Recently, the designated smoking area behind the cafeteria at Bellevue College was shut down and cleaned out.
Director of Sustainability Amber Nicholson has confirmed that the old smoke hut is being transformed into a covered bike shelter.
The Office of Sustainability plans to partner with the PALS Center to start a bike rental program. There will be eight bikes available that students can rent from the school either daily or quarterly.
“We are doing this because there are many students [who] would like to try out bicycling, whether it’s just to run errands or to get to and from school. If a student lives nearby, it’s a great opportunity to switch from bringing a car to campus (our biggest contributor to our campus greenhouse gas emissions) to riding a bicycle which is also great exercise!” Nicholson said. “In addition, we have bicycle parking in other areas on campus, and hope that more students discover bicycling with this program.”
Vice President of Administrative Services Ray White, the describes this initiative as “part of our long-range strategy to promote and support bicycling and alternative transportation.”
According to Nicholson, single occupancy vehicle trips, are one of BC’s largest contributors to its greenhouse gas emissions. The Office of Sustainability believes that by encouraging students to bike to campus rather than driving, they can decrease the campus’ ecological footprint.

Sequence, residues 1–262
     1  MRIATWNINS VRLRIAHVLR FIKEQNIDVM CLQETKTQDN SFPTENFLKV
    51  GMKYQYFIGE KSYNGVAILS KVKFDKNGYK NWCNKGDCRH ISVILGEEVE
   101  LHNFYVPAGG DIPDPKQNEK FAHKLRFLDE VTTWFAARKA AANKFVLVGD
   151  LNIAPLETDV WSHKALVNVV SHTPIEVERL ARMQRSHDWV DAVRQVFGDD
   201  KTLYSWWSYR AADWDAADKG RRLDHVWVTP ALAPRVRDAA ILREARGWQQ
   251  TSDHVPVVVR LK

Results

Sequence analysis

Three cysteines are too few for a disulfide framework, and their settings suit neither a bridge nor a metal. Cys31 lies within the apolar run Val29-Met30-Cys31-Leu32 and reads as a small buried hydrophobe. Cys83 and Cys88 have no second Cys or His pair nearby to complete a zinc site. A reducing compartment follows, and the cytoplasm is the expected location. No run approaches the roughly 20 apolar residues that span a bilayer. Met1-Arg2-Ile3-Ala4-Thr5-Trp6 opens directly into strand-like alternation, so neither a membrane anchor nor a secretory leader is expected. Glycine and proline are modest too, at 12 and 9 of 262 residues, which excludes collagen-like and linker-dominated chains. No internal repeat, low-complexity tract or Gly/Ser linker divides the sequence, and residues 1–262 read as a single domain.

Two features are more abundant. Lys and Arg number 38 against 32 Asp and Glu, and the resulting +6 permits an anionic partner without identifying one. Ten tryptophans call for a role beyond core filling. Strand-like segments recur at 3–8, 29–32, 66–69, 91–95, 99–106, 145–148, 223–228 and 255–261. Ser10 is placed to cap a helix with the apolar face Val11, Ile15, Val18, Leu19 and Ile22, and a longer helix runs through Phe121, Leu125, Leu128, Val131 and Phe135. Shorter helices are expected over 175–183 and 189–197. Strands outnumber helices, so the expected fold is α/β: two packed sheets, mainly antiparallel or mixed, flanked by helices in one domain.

The Office of Sustainability chose this specific location for the covered bike shelter because of its proximity to both the PALS Center and Snoqualmie River Road, which is where they expect most students will begin biking.
“We know there are students [who] wish to start biking because we run the Transportation Desk located across from PALS, where students come to get one-on-one transportation assistance and we often hear from them, or our Hopelink partners who are here during the first few days of each quarter, about students interested in greater bicycle offerings on campus,” added Nicholson. Hopelink is a non-profit organization for King County that provides services and programs like a food bank, transportation, or adult education to those in need.
Craig Hauser transportation coordinator in the Office of Sustainability, said that the bike shelter should be up and running by the beginning of summer quarter.
According to Hauser, students can either a bike for a day for five dollars or pay 35 dollars to rent one for an entire quarter. “Included in the rental, the student will receive a helmet, two waterproof panniers, front and rear lights, and a secure U-Lock,” he said.
“Another recent initiative we have taken to help reduce our greenhouse gas emissions is to launch Zimride […], which is a carpool service that BC students, staff, and faculty can use to find a ride, or post the seats in their car and hopefully make some new friends and gas money,” said Nicholson.